German Retail Stores Handling Boys' Clothing

Figure 1.--The best known German mail order house is Quelle. The German mail order house Quelle Versandhaus was established in 1927. Quelle, is a German mail order company located in in Fuerth, Bavaria (where Henry Kissinger was born). This is a page from their 1973 catalog. The caption here says, "Für echte Jungs" which means, "For the genuine young."

Department stores began to develop in Germany as was the case in other European countries. The German stores began to develop in the 1880s, somewhat later than in France and England. The first German Kaufhäuser appeared in Berlin and Hamburg around 1904, although the stores they elvolved from were founded earlier than that. HBC is not sure why department stores developed later in prosperous Germany than other major countries. The German stores followed the familiar pattern of department stores in other countries. These stores offered services that earlier only only the wealthy had been able to afford. There was no barering. Prices were fixed at relatively low prices because of the stores ability to buy in bulk directly from the manufacturers. Customers could browse among well stocked shelves and goods could be returned with no questions asked. Many important German department stores were founded by Jews (Tietz and Wertheim are two examples). These any many other Jewish business were adversely affected by NAZI-insired anti-Jewish boycotts. Many were damaged on Kristallnacht in 1938. The stores were then Aryanized. The Jewish owners were forced to sell their interests at nominal prices or in many cases they were simply expropriate through a variety of legal and non-legal means. Similar actions were taken aginst manufacturers and smaller retailers. The embargoes were in fact the first major step the NAZIs took against the Jews finally culminating in the Hollocaust. The Jews who survived the Hollocaust were rarely compensated for these expropriations or had their property returned to them after the War. The German fashion industry was significantly affected by the NAZI program.


The German terms for department store, das Kaufhaus and das Warenhaus, are interchangeable, but Kaufhaus is used more. A department within a department store os a Abteilungen) you would find in a German. Do not confuse the English word "warehouse" with Warenhaus! A warehouse is das Lagerhaus or die Lagerhalle in German.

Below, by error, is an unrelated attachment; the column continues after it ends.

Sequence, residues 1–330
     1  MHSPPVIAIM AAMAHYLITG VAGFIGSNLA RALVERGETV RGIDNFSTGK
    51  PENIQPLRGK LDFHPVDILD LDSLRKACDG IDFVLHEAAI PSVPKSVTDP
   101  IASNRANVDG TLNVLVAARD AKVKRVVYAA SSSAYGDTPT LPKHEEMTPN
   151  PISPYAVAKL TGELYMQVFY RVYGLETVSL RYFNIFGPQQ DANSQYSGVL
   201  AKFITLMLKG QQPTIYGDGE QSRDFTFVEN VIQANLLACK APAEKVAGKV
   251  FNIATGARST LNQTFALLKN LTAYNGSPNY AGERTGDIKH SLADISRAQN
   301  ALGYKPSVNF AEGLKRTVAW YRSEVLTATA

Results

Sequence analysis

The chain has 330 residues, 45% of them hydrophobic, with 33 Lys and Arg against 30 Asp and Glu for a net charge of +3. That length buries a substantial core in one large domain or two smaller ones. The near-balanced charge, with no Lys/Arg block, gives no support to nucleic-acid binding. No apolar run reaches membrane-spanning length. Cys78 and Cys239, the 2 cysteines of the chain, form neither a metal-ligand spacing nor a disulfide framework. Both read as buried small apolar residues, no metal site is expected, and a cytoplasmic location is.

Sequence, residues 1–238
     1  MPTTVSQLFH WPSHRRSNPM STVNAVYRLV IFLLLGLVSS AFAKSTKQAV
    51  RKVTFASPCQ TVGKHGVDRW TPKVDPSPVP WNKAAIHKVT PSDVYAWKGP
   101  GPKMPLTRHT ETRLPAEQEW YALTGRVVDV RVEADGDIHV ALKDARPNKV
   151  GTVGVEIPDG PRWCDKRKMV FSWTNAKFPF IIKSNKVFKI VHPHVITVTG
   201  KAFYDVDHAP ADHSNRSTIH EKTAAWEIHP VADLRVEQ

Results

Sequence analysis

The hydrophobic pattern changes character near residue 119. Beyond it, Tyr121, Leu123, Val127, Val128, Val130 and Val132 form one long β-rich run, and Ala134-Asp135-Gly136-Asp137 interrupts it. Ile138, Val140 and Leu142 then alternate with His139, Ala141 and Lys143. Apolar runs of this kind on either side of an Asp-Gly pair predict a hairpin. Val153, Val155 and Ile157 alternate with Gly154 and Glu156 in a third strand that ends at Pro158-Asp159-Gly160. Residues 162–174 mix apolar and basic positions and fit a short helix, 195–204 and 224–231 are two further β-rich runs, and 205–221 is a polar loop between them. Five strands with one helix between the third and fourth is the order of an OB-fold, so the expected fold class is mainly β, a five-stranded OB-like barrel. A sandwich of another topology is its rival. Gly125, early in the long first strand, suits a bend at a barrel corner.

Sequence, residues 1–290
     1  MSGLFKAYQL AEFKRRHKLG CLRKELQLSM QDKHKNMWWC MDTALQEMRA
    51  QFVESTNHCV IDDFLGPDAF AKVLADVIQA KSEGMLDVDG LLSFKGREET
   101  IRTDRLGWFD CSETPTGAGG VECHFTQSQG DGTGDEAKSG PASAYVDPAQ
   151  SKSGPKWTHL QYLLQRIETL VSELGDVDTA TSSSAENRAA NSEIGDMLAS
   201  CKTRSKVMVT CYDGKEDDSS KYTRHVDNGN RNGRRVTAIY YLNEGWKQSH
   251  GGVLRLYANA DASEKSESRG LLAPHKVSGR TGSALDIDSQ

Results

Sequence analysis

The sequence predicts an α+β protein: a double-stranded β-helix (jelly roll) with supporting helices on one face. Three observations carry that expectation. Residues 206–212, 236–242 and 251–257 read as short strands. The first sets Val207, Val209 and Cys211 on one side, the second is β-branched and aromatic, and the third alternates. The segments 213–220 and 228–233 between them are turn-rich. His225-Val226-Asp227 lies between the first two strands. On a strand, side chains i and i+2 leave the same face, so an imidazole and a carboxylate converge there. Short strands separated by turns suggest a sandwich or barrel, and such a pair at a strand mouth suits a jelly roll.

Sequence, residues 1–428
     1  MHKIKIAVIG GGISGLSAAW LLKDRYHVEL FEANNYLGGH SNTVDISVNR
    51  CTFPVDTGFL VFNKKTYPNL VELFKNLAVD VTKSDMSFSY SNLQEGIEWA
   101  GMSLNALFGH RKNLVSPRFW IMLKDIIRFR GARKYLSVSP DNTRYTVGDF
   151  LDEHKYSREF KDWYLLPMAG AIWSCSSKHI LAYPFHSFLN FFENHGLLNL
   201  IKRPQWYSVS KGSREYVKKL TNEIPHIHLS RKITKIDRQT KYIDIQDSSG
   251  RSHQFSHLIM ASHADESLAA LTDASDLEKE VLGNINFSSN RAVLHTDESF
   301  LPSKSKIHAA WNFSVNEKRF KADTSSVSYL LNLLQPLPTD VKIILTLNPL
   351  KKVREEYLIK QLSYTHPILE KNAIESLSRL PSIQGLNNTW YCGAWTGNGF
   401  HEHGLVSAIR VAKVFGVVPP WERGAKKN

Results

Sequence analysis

A small number of individuals revolutionized German retail trade in the late 19th century. Some of the most important were Theodor Althoff and Rudolph Karstadt, Josef Neckermann, Gustav Schickedanz, and Oscar Tietz. Like similar retailers in other European countries, these shared the vision of a modern department store, providing offering a wide variety of quality products. Volume sales allowed these retailers to offer affordable prices to as many people as possible. Previously consumers went to a variety of small shops specializing in a narrow product line. Their new department stores offered both lo prices and convenience--everything under one roof. Mail order catalogs provided te same variety od selection from home.

Major Stores


Theodor Althoff in 1885 took over the Haberdashery, Woollens and Linen Store from his widowed mother in Dülmen/Westphalia. He pursued the same business policy as Karstadt.


Baur was an important mail order firm in the 1970s. A German reader tells us that Baur helped to popularize open-toe sandals in Germany.


The most important pattern company was Burda.

C & A Brenninkmeyer

One of the largest fashion retailers is the firm C & A Brenninkmeyer. There were in the early 2000s 480 stores with 30,000 employees in 12 countries.

Galeries Lafayette

The French Galeries Lafayette has a large, modern department store in Berlin.

Galeria Kaufhof


Hertie is short for the Tietz Department store. The founder was Hermann (Hertie) Tietz.

(Nathan) Israel Department Store

The NAZI boycott against the Nathan Israel Department Store in Berlin began at 10:00 AM on April 1, 1933, the same time as at countless other stores big and small throughout Germany. Storm Troopers strategically placed at the entrances held signs reading "Germans defend yourselves! Don't buy From Jews." The store in 1935 was seized by the NAZIs. Wilfried Israel was notified that he was no longer the owner. He continued to work there as hundreds of the firm's Jewish employees were discharged. He is credited with managing to get most of the staff, specially the children, out of Germany before World War II broke out in 1939.


Rudolf Karstadt opened his first drapery, manufactory and garment store in Wismar/Mecklenburg durin 1881. Karstadt's business was incorporated as Rudolph Karstadt AG in 1920. Rudolf Karstadt AG merges with Althoff in 1920 in part the result of the difficult economic conditions following World War I. Karstadt during 1977 acquired a majority holding in Neckermann Versand AG. Neckermann Versand AG is integrated in Karstadt AG by 1984 when over 95 percent of Neckermann equity is acquired. Karstadt in 1994 acquired 100 percent of the department store concern Hertie Waren- und Kaufhaus GmbH. Karstadt in 1999 acquired Hertie. Karstadt and Quelle merged in 1999 to form KarstadtQuelle AG. But Karstadt AG owns KaDeWe and also operates stores under the names Hertie, Karstadt and Wertheim.